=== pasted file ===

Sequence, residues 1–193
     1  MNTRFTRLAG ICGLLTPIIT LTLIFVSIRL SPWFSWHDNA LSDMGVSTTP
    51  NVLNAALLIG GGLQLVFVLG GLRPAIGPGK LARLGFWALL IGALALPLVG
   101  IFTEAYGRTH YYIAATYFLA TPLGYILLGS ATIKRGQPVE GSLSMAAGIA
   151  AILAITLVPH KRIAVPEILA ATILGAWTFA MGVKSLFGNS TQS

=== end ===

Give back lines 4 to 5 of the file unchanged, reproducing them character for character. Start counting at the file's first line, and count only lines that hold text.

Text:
   101  IFTEAYGRTH YYIAATYFLA TPLGYILLGS ATIKRGQPVE GSLSMAAGIA
   151  AILAITLVPH KRIAVPEILA ATILGAWTFA MGVKSLFGNS TQS